The dimly-lit green room at Music Hall of Williamsburg smells of cigarettes, but in an unassuming way, perhaps because Chris Chu of POP ETC kindly apologizes to my plus one, Caroline, and I in advance. I hardly noticed what he meant once we got up there, and no one else seemed to mind either.
Before we sit down, Chu offers us a drink.
“Water? Beer? How old are you guys?”
I feel nervous that if I say yes, I’m imposing, though I notice the array of drinks in the mini fridge: Tecate beer cans, water bottles, and a Snapple that Chu brings out to sip occasionally, post-interview.
Ysabella Monton for AudioFemme: Between The Morning Benders and becoming POP ETC, and even between the POP ETC album and Souvenir, I’ve noticed changes in the sound and your evolution as a group. You guys have had this awesome, loyal fan base, and you’ve done a great job of doing something new while maintaining that. What do you want your old fans to take from Souvenir?
Chris Chu: Well, love our fans and we do a lot to show them that. We respond to everything, we get people into shows all the time and give away all our guest list spots. We’re thinking about our fans a lot, but when we’re making music, the idea of trying to cater to any kind of specific listener or demographic is just dangerous. So, for Souvenir, we took our time, wrote tons of songs, and waited until a family of songs or a sound just emerged from that. And we’re happy with it. I just think, if you’re catering to your fans or trying to do something with your previous sound or anything like that, at least for us, it feels really stale. It’s hard for me to honestly sing songs like that or go on tour to play songs if we’re not excited about them. I think people notice that, so it would be a disservice to our fans to do the same thing over and over.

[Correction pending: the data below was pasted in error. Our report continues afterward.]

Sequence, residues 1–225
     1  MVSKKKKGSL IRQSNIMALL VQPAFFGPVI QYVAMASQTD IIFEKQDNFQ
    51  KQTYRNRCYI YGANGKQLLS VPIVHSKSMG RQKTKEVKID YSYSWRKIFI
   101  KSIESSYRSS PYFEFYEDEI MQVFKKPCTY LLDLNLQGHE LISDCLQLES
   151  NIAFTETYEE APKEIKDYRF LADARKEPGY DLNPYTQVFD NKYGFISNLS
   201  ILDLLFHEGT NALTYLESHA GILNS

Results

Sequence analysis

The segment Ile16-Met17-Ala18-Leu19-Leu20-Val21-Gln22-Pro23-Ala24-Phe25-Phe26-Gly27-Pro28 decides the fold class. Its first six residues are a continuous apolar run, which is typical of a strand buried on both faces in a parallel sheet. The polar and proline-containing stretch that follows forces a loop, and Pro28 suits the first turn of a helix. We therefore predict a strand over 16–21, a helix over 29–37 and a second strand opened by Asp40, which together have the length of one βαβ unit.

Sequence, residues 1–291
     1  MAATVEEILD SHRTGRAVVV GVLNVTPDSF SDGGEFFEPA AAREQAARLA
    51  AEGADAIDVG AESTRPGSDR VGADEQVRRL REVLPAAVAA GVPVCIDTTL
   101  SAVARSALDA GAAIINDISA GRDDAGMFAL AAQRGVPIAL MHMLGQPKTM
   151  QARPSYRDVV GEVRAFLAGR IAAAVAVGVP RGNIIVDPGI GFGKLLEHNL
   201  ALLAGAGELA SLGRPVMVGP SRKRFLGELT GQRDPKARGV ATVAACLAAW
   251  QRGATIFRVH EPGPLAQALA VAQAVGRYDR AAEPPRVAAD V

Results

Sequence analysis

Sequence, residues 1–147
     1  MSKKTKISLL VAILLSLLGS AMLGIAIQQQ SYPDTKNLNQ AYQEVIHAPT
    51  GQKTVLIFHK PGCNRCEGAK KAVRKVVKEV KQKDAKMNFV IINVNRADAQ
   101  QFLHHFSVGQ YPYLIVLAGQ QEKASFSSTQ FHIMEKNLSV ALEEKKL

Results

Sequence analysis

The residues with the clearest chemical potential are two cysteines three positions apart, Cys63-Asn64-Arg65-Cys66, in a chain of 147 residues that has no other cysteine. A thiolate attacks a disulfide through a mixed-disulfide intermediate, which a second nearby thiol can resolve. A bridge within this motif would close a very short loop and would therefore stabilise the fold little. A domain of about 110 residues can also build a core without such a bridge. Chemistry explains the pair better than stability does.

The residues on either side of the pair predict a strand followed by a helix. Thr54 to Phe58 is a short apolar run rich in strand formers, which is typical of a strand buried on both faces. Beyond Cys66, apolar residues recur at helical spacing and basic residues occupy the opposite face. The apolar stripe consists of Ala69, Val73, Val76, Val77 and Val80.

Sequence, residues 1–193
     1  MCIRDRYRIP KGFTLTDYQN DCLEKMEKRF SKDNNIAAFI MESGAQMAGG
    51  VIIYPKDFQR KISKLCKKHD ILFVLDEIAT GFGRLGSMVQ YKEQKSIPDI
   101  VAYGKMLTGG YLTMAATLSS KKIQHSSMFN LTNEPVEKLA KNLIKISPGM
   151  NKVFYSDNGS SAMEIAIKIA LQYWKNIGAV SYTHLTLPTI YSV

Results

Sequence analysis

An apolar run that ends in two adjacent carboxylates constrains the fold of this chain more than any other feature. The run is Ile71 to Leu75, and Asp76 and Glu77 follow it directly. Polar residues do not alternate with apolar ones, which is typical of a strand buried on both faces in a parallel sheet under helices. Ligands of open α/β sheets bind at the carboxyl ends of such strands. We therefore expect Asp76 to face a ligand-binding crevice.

CC: I’m not sure if that answered you’re question.
YM: No, I know what you mean. [laughs] Well, if you’re constantly having these new ideas, especially over the past three years — it doesn’t seem like it hasn’t been that long since the last record, but I think the change shows. What are you guys drawing inspiration from these days?
CC: It’s all over the place. For this last album, because we made the decision to take our time and approach it really patiently, we traveled a lot. For the last couple of years, I spent probably half my time in Tokyo, where I was working on other projects. So that was a huge difference, just working with people in Japan and being introduced to all this Japanese music. That was amazing, because there’s bands that are equivalent to The Beatles here that no one knows outside of Japan. Like, the number one albums in Rolling Stone Japan. I felt like a kid in a candy shop discovering that.